The new descent profile worked flawlessly, and Surveyor 5 touched down on the Lunar surface on 11 September 1967 at 00:46:44 UT (8:46:44 PM EDT 10 September) at 1.41 N, 23.18 E (selenographic coordinates) on a 20 degree slope of a 9 x 12 meter rimless crater in southwest Mare Tranquillitatis. Touchdown was 29 km from the original target. All experiments were performed successfully. Surveyor 5 returned 18,006 television pictures during its first Lunar day. The alpha-scattering instrument was deployed and performed the first in-situ analysis of an extraterrestrial body, returning 83 hours of data on Lunar soil composition during the first Lunar day, beginning on 11 September 1967. A vernier engine erosion experiment was conducted on 13 September, about 53 hours after landing, consisting of a firing of the vernier engines for 0.55 seconds while the spacecraft sat on the ground, to examine the effects of the engines on the surface. The spacecraft shut down from 24 September to 15 October 1967 over its first Lunar night on the Moon's surface. An additional 1048 pictures and 22 hours of alpha-scattering data were received during the second Lunar day. On 18 October Surveyor 5 acquired thermal data during a total eclipse of the Sun. Transmissions for the second day were received until 1 November 1967, when shutdown for the second Lunar night occurred about 200 hours after sunset. Transmissions were resumed on the third and fourth Lunar days, with the final transmission occurring at 04:30 UT on 17 December 1967. Pictures were transmitted during the first, second, and fourth Lunar days. A total of 19,118 pictures were transmitted.

Alpha-scattering results indicated soil composition, resembling Earth basaltic rock, of 53% to 63% oxygen, 15.5% to 21.5% silicon, 10% to 16% sulphur, iron, cobalt, and nickel; 4.5% to 8.5% aluminum, and small quantities of magnesium, carbon, and sodium. The quantity of material adhering to the magnet was consistent with a mixture of pulverized basalt and 10% to 12% magnetite with no more than 1% metallic iron. The vernier engine experiment produced minor but observable erosion of the surface. All mission objectives were accomplished.
ref: nssdc.gsfc.nasa.gov

N. Chernykh discovered asteroid #3739.

Died, Willard Frank Libby, physicist and chemist, inventor of radiocarbon dating, Nobel 1960 "for his method to use carbon-14 for age determination in archaeology, geology, geophysics, and other branches of science"
ref: www.nobelprize.org

L. Zhuravleva discovered asteroids #3095 and #3662.

Died, Hideki Yukawa, Japanese physicist (Nobel 1949 "for his prediction of the existence of mesons on the basis of theoretical work on nuclear forces")

Hideki Yukawa (23 January 1907 - 8 September 1981) was a Japanese theoretical physicist and the first Japanese person to win a Nobel prize. In 1935 he published his theory of mesons, which explained the interaction between protons and neutrons, and was a major influence on research into elementary particles. In 1940 he became a professor in Kyoto University. In 1940 he won the Imperial Prize of the Japan Academy, and in 1943 the Decoration of Cultural Merit from the Japanese government. In 1949 he became a professor at Columbia University, and also won the Nobel prize for physics.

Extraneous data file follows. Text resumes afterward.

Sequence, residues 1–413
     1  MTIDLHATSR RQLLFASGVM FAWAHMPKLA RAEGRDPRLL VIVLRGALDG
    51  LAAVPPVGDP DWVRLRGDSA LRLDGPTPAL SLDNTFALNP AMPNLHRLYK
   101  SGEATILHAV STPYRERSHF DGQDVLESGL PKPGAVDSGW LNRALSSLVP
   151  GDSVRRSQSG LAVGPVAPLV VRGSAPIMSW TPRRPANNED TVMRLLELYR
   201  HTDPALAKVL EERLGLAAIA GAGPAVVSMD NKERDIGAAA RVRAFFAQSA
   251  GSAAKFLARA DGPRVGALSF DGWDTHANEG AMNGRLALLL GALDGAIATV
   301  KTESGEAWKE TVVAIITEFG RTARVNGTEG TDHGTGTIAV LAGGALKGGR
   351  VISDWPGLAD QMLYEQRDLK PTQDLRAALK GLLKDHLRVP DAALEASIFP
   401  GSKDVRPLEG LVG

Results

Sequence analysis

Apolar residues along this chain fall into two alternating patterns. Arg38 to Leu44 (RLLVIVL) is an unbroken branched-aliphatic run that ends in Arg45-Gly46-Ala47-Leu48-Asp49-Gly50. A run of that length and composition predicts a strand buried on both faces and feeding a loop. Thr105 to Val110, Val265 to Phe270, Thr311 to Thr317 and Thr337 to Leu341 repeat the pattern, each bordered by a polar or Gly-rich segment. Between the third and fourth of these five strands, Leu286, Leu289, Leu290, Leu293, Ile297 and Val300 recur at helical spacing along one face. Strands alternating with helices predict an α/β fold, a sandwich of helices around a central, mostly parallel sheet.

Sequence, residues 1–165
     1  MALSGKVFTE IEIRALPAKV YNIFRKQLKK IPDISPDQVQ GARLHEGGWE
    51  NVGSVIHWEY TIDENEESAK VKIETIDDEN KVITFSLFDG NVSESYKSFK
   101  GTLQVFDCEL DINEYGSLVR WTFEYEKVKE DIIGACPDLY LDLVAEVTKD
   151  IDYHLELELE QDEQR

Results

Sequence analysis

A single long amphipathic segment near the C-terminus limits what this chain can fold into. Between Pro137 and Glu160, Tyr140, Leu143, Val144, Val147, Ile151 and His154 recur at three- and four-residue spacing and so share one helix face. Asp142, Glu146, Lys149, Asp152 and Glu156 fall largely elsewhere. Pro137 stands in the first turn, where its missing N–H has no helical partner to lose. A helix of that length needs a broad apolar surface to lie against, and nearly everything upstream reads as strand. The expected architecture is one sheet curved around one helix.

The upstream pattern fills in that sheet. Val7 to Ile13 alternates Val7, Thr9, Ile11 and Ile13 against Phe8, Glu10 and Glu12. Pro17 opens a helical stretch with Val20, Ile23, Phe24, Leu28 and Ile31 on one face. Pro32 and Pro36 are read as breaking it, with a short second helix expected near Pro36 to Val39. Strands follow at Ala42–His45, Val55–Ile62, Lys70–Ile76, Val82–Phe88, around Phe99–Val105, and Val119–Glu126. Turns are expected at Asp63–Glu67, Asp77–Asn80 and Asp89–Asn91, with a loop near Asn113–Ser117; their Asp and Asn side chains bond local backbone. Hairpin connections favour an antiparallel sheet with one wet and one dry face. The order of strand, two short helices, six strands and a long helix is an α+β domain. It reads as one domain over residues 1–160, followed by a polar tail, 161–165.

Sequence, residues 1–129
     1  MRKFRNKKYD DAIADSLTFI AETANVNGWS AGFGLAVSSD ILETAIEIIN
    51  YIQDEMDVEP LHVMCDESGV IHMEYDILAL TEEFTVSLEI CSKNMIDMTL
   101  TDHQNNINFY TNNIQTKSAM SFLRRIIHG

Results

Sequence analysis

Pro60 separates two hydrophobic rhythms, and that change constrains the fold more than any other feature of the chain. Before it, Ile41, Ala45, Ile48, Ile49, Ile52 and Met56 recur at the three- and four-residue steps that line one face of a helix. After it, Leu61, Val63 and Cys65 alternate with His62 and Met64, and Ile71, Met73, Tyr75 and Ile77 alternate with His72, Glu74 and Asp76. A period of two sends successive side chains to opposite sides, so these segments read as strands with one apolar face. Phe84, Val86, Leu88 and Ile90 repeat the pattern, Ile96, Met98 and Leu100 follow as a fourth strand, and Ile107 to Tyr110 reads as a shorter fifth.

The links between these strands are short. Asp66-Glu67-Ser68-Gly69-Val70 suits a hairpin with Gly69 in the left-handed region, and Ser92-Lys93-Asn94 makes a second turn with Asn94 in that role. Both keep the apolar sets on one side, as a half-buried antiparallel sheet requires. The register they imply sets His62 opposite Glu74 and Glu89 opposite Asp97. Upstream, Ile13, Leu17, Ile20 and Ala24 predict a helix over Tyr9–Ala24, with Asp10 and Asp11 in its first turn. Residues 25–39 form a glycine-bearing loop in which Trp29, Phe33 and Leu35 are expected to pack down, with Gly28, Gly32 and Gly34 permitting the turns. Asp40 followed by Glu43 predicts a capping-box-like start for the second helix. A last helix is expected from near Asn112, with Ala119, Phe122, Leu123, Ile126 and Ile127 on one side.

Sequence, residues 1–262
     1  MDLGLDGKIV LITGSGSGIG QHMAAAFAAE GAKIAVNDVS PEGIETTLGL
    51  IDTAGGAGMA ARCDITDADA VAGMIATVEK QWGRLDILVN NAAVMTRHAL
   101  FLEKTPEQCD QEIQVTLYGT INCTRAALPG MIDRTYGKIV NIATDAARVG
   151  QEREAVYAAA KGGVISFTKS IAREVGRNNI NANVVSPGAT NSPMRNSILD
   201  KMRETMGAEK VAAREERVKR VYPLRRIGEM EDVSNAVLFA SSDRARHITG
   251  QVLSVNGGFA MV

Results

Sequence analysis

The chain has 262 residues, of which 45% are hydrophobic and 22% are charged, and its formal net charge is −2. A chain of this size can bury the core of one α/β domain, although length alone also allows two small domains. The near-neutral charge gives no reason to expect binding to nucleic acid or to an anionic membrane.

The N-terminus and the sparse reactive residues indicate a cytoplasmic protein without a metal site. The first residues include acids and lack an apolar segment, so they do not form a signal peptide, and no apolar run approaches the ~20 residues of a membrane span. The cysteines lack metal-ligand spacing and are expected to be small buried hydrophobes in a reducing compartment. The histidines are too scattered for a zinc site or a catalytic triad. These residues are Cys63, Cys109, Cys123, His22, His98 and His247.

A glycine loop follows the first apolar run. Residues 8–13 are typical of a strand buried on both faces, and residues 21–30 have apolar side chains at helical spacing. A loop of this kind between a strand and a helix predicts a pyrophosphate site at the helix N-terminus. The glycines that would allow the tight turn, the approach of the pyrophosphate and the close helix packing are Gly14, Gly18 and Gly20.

ref: www.nobelprize.org

L. Zhuravleva discovered asteroid #3587.

P. Wild discovered asteroid #3258.

1983 22:52:00 GMT
The RCA Satcom 7 commercial communications satellite was launched from Cape Canaveral, Florida, and positioned in geosynchronous orbit at 72 deg W.
ref: nssdc.gsfc.nasa.gov

1984 21:41:00 GMT
The US Air Force launched the Navstar 10 (USA 5) navigation satellite from Vandenburg Air Force Base, California, a GPS Block 1 component of the Global Positioning System.
ref: nssdc.gsfc.nasa.gov

1988 23:00:00 GMT
An Ariane 3 launched from Kourou carried GTE's GStar 3 and IBM STLC's SBS 5 comsats to space, initially positioned in geosynchronous orbit at 93 deg W and 123 deg W, respectively. GStar used its on-board propulsion to achieve orbit after the AKM failed.
ref: nssdc.gsfc.nasa.gov

1996 21:49:00 GMT
GE Americom's GE 1 commercial communications satellite was launched from Cape Canaveral, Florida, and positioned in geosynchronous orbit at 103 deg W.
ref: nssdc.gsfc.nasa.gov

1998 21:13:00 GMT
A Delta 7920-10C launched from Vandenburg, California, carried five Iridium communication satellites (Iridium 77, 79, 80, 81, 82) to orbit, placed in Plane 6 ascending nodes. Iridium 79 failed in low orbit.
ref: nssdc.gsfc.nasa.gov

2000 07:46:00 CDT (GMT -5:00:00)
NASA launched STS 106 (Atlantis 22) for International Space Station Flight 2A.2b to prepare the ISS for permanant residents.

STS 106 was launched 8 September 2000 from Kennedy Space Center's Launch Complex 39B after a smooth countdown. The inital orbit of 72 x 328 km x 51.6 deg was circularised by the Shuttle's OMS engines at apogee.